Berkeley Lab

Condensed Phase Chemistry



A fundamental challenge in condensed-phase chemistry is to understand the dynamic interplay between electronic structure (energy levels, charge distributions, bonding, spin) and molecular structure (atomic arrangement, bond distances, coordination etc.). The “transition state” intermediate between reactant and product species is of critical significance since subtle conformational changes and chemical bond formation/dissolution in this regime ultimately determines which reactive pathways are favored.

The central goal of this research program is to apply ultrafast X‑rays to develop new insight into condensed-phase molecular dynamics. Time-resolved measurements of XANES (X‑ray Absorption Near Edge Structure) can provide detailed information about dynamics of the valence charge structure, while time-dependent EXAFS (Extended X‑ray Absorption Fine Structure) provides information about changes in the local atomic structure. X‑ray measurements on the time scale of a vibrational period provide important new information about solution-phase chemical reactions including: conformational changes, formation/dissolution of bonds, charge transfer, changes in oxidation state etc.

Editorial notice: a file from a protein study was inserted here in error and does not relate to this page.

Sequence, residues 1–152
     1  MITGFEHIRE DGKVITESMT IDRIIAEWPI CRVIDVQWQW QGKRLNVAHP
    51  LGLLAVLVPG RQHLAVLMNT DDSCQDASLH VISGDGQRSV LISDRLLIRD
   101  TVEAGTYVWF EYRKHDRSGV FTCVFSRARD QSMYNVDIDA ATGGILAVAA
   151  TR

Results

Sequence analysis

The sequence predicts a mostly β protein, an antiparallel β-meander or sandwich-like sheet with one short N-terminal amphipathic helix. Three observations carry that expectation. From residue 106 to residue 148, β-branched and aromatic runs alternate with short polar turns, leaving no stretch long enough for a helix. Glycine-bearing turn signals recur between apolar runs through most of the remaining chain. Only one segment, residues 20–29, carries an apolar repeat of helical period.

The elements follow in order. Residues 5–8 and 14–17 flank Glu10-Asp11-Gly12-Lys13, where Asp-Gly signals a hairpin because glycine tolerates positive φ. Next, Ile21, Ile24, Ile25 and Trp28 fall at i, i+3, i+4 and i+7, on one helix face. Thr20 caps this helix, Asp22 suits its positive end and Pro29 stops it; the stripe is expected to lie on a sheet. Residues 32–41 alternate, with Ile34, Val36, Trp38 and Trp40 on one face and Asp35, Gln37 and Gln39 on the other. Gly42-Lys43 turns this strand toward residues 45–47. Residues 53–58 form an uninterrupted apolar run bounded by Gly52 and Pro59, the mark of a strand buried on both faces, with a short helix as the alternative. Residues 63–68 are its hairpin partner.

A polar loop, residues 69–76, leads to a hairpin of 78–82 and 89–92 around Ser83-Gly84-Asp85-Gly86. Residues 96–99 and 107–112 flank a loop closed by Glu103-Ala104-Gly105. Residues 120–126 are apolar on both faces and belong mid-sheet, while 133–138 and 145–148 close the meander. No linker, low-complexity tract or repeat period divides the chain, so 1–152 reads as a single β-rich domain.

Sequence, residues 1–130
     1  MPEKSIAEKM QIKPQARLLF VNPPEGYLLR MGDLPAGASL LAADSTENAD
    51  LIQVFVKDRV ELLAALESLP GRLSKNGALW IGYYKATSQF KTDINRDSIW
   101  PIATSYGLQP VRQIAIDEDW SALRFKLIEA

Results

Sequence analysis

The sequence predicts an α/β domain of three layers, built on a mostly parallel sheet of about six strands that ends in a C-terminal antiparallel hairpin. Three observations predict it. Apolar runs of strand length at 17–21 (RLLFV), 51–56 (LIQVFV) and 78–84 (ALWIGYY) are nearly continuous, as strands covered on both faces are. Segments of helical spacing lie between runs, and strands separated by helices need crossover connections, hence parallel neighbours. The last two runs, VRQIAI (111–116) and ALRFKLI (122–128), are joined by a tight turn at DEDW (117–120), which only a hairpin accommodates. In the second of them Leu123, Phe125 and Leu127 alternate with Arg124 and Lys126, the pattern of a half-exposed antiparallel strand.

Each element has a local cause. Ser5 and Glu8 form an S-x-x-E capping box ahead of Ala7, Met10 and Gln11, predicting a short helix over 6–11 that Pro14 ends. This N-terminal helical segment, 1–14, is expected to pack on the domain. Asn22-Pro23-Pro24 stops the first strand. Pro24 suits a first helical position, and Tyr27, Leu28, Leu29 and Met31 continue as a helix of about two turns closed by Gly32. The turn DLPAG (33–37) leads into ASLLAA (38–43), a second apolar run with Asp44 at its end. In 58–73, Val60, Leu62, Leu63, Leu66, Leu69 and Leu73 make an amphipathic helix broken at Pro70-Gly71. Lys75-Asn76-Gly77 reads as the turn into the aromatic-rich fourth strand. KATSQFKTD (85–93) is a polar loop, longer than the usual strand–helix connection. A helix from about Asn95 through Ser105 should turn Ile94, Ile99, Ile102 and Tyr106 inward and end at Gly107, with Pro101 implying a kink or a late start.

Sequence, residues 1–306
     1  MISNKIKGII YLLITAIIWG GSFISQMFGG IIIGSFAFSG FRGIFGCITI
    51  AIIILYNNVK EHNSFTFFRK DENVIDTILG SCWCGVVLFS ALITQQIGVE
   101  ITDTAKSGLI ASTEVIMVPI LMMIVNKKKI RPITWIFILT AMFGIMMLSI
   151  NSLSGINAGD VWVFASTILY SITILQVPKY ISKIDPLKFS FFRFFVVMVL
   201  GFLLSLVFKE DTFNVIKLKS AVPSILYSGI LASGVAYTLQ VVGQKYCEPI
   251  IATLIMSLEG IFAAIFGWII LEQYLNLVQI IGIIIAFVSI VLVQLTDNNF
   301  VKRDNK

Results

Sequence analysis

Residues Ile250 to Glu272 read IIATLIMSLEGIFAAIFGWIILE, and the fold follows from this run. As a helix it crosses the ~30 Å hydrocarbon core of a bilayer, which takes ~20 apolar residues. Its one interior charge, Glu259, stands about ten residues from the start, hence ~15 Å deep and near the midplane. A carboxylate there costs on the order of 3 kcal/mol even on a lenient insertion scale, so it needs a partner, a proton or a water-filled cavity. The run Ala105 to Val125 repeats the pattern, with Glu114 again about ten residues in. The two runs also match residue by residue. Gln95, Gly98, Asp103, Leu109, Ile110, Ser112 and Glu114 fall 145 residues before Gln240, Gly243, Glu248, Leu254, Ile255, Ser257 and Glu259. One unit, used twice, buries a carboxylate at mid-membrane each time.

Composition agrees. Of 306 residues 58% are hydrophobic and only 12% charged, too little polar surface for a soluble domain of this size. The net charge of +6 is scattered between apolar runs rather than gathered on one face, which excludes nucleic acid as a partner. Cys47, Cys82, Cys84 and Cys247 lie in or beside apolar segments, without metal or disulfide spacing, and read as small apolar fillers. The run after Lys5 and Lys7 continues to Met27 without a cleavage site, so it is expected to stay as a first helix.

Three areas of present focus are (1) solvated transition-metal complexes exhibiting strong coupling between molecular structure and electronic properties arising from the ligand field, (2) small halogen molecules exhibiting solution-phase reactivity that is markedly different from that in the gas phase, and (3) structural dynamics in liquid water under direct vibrational excitation. In the future we hope to extend this approach to molecular crystals exhibiting novel cooperative effects.


cpc overview